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Physics as a Major

  1. Oct 23, 2013 #1
    Hey guys,

    I am a high school senior and the time has come for me to apply to schools and start making some big life decisions. Since I took my first physics course, I have been in love with the subject. I know that I want to do something with physics in my life but I a having trouble choosing a good major. I am going to apply to Stanford, MIT and Berkeley.

    What would you recommend for a major?

    Also, what jobs would I be able to get with that degree?

    Thank you,

    Cameron
     
  2. jcsd
  3. Oct 23, 2013 #2

    lisab

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    If you are planning on just getting a bachelor's, then going into physics is problematic. Hiring managers have *no* idea what skills a physics major has. Engineering is the way to go, if you don't plan on going to grad school, IMO.

    Search around on the forum, there are many threads on the trials, trevails, and triumphs physics majors have had in the job market.

    The good news is, you don't have to decide on a major right away, because the first ~2 years of STEM curricula are very similar. Join the physics club, the math club, an engineering club, etc. to get a taste of working in the field. Something will click :smile:.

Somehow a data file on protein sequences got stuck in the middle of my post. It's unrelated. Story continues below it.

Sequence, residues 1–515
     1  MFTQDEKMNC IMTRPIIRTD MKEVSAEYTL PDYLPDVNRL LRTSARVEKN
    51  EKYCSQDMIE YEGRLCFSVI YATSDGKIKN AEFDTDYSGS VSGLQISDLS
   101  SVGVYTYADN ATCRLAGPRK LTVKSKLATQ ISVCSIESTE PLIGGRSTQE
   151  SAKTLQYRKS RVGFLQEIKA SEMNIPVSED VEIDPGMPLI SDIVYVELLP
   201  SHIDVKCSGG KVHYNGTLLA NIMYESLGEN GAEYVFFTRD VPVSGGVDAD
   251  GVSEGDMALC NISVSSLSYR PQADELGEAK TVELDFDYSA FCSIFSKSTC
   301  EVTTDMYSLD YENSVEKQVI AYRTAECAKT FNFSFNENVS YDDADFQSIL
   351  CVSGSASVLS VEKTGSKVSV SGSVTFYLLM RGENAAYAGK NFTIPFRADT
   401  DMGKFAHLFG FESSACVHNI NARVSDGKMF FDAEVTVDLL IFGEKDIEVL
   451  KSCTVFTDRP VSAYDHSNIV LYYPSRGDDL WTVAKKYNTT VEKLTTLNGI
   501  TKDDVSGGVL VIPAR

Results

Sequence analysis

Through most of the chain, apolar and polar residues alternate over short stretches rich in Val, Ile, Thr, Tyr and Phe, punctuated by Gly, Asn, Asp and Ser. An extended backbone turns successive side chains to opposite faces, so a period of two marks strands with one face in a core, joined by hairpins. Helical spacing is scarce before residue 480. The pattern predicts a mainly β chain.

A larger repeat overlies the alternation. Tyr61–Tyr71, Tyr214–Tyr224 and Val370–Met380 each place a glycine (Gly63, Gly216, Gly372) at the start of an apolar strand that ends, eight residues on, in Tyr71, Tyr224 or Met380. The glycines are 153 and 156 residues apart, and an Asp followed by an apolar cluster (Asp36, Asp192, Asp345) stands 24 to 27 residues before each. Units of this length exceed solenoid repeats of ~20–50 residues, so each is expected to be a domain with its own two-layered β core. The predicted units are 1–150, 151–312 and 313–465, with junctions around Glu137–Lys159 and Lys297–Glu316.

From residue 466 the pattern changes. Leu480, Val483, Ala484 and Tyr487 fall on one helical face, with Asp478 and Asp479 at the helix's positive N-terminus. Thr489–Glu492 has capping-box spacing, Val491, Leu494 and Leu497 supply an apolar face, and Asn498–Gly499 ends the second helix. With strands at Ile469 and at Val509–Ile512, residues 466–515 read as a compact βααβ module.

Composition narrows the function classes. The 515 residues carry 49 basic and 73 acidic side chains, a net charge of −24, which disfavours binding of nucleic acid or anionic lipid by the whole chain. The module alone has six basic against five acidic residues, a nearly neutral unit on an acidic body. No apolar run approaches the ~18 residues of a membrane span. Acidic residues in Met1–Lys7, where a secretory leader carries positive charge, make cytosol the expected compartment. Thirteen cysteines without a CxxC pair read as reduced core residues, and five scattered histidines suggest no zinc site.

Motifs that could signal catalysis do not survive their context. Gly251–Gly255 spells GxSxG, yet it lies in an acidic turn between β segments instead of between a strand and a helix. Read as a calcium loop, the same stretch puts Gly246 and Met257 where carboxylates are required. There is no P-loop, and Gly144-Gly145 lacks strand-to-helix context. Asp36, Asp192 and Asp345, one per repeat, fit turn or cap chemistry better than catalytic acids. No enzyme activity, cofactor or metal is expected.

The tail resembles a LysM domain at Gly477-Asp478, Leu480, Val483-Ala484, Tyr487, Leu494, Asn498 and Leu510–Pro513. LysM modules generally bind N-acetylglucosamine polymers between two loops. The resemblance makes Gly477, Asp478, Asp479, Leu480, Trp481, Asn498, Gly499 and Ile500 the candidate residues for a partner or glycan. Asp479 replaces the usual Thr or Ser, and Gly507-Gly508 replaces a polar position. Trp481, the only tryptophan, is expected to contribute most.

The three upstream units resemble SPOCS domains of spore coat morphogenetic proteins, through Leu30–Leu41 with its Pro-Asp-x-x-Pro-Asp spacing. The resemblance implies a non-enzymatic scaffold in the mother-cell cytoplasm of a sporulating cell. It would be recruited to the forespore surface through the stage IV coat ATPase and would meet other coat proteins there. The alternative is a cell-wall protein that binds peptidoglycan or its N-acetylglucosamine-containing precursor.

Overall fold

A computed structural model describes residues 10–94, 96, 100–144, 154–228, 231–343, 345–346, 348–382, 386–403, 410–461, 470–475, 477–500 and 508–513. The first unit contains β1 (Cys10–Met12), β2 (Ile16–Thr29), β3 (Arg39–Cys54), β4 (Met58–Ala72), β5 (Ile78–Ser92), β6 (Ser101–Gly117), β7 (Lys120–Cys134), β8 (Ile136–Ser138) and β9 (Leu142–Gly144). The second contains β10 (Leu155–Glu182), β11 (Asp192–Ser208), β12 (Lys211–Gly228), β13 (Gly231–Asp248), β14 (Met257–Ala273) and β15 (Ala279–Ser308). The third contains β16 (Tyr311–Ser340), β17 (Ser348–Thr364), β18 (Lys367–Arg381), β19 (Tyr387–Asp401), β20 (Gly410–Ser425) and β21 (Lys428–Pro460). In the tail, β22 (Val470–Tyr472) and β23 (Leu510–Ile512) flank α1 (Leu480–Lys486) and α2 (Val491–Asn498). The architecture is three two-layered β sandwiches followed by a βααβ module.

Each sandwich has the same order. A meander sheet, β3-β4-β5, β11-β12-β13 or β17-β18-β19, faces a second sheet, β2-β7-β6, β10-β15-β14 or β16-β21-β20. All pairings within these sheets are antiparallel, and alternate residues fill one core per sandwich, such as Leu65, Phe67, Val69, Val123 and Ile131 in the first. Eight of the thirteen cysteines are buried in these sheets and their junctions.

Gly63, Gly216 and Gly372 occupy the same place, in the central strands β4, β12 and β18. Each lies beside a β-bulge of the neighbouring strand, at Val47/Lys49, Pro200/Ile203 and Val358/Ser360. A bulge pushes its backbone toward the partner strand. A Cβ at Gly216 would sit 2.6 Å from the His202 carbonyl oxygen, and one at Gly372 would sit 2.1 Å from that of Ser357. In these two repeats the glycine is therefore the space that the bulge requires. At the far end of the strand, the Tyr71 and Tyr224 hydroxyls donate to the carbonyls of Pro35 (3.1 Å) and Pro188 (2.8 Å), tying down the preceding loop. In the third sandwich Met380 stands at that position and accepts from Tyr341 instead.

Oh and I hope you also apply to some 'safety' schools -- each of those schools turns away thousands of exceptionally well-qualified candidates each year!
     
  4. Oct 23, 2013 #3
    I am definitely planning on going to graduates school..

    Also, I know that I need some 'safety' schools but I am having trouble choosing them. Do you have any recommendations? I am considering UCSB as one..

    Thanks again for the help!!
     
  5. Oct 23, 2013 #4
    Its easier to go from some type of physics engineering / applied physics program to a regular grad program than it is to convince HR people that your regular physics still means you have useful skills.

    An HR software package will bounce your applications because you have a physics degree but no grad program will bounce your application because if you are an applied physics major or you have an ee major with a physics minor as long as you have a good PGRE .
     
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